The agreement reached is that EU citizens and their family members who have arrived in the UK by 29 March 2019 will be able to apply for either settled or temporary status. Settled status will mean applying to stay in the UK indefinitely. This will be available to those who have continuously and lawfully lived in the UK for five years by 29 March 2019. Temporary status will be available for those EU citizens and their family members who have not reached the five-year threshold by 29 March 2019. There will be a new digital system for EU citizens and their family members to apply for either status document, and the cost will be no more than a British citizen applying for a UK passport (currently £72.50 for adults). This system is expected to go live in late 2018 and will remain open for applications for at least two years after the UK leaves the EU.

These arrangements will also apply for the duration of the transitional period. However, the position in relation to those EU citizens and their family members that arrive in the UK after 31 December 2020, is still unclear. This is still subject to negotiations with the EU and so we await further announcements.

Intellectual property

The latest withdrawal agreement indicates that agreement has been reached in relation to a number of IP rights which now only remain open to technical legal revisions. It has been agreed in principle that:

  • at the end of the transitional period, holders of EU trade mark registrations and registered community designs will automatically become the holder of a comparable UK trade mark registration or design registration which will sit alongside the existing EU registration, and which will enjoy the benefit of the original EU dates. Registered trade mark and design protection can therefore be obtained in the UK via the EU route until the end of the transitional period. However, caution should be exercised, as any EU application still pending at the time of expiry of the transitional period will have to be re-filed as a UK Application within a set nine month period. After expiry of the transitional period, protection in the UK can only be obtained via a separately filed UK registration;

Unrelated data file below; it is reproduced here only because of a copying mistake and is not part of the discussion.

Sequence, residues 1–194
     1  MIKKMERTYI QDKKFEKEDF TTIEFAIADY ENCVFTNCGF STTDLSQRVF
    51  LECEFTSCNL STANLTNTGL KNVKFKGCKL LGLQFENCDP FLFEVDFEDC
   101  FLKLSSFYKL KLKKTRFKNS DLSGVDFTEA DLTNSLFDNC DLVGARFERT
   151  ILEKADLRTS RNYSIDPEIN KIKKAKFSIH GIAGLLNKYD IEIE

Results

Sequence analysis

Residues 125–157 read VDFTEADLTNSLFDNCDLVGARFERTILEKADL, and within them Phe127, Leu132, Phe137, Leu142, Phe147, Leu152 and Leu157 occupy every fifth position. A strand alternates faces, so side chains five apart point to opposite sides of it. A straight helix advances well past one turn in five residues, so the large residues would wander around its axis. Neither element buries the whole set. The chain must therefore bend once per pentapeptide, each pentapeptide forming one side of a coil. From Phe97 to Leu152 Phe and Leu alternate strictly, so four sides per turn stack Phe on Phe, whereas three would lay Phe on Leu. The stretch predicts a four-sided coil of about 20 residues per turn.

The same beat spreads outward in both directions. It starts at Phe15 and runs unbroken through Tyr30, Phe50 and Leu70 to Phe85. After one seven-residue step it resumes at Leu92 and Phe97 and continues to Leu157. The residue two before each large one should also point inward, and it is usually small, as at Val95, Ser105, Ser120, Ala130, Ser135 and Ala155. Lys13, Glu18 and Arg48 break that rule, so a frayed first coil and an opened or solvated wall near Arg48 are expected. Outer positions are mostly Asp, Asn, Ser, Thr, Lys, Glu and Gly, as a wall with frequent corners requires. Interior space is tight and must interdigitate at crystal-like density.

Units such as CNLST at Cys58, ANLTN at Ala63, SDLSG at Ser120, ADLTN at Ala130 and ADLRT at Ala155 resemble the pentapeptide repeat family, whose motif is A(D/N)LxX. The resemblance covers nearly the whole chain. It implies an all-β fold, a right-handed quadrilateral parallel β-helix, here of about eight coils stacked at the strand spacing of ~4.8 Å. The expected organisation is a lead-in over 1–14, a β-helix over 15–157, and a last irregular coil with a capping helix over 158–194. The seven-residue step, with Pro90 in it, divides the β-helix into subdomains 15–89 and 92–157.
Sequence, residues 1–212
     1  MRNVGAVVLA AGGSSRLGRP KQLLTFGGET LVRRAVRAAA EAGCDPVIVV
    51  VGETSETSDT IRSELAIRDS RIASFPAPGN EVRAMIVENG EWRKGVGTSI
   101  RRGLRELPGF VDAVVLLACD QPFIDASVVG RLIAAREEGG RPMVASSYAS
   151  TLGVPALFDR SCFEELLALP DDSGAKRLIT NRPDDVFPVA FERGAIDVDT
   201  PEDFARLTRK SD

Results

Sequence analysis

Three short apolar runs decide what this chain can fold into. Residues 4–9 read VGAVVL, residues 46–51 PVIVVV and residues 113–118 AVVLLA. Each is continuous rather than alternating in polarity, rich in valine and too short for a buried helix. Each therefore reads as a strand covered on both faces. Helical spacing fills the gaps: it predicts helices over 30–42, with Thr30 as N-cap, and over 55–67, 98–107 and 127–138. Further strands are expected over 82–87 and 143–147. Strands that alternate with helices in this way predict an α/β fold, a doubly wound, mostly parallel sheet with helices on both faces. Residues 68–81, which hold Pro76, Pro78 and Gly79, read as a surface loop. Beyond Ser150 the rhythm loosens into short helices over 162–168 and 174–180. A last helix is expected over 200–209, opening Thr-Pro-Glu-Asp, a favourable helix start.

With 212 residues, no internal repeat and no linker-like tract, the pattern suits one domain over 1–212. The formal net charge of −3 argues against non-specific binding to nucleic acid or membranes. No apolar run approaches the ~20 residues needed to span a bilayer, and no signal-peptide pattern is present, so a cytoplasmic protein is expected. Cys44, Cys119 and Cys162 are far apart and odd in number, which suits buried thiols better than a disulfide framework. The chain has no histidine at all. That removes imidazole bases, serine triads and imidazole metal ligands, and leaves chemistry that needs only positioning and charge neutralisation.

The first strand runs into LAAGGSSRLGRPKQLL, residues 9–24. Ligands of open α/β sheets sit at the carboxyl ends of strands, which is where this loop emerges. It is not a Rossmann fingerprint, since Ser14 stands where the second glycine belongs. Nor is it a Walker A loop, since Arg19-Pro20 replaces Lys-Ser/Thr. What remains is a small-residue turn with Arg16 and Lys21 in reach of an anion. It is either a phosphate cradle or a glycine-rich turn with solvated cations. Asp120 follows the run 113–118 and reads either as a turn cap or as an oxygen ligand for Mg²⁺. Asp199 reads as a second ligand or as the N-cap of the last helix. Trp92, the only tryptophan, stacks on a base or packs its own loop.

• the existing EU trade mark registration or design registration will remain in force, and will continue to provide protection in the remaining member states beyond the transitional period. However, use in the UK will no longer be sufficient to defend the EU registration against a non-use attack;
  • unregistered community design rights in place before the end of the transitional period will have the same level of protection in the UK after the transitional period.

European patents will not be affected by Brexit, as these are governed by the European Patent Convention and are not therefore dependent upon the UK's membership of the EU. This means it will still be possible to obtain European patent protection post-Brexit.

Currently .eu domain name registrations are expected to become unavailable to UK entities post-Brexit. There is still time for this to change as negotiations progress, but if you have a pan-European business, consider transferring the .eu domain name to an EU-based subsidiary to ensure ownership can be maintained.

Competition

The impact of Brexit on competition law remains largely uncertain, but is unlikely to lead to any dramatic changes in at least the short to medium term. Following the EU and UK's agreement on the transitional period, we can expect that nothing will change during that period. The EC will continue to have enforcement powers in the UK and will be able to start investigations for any competition law breaches that occurred before the 29 March 2019 Brexit date.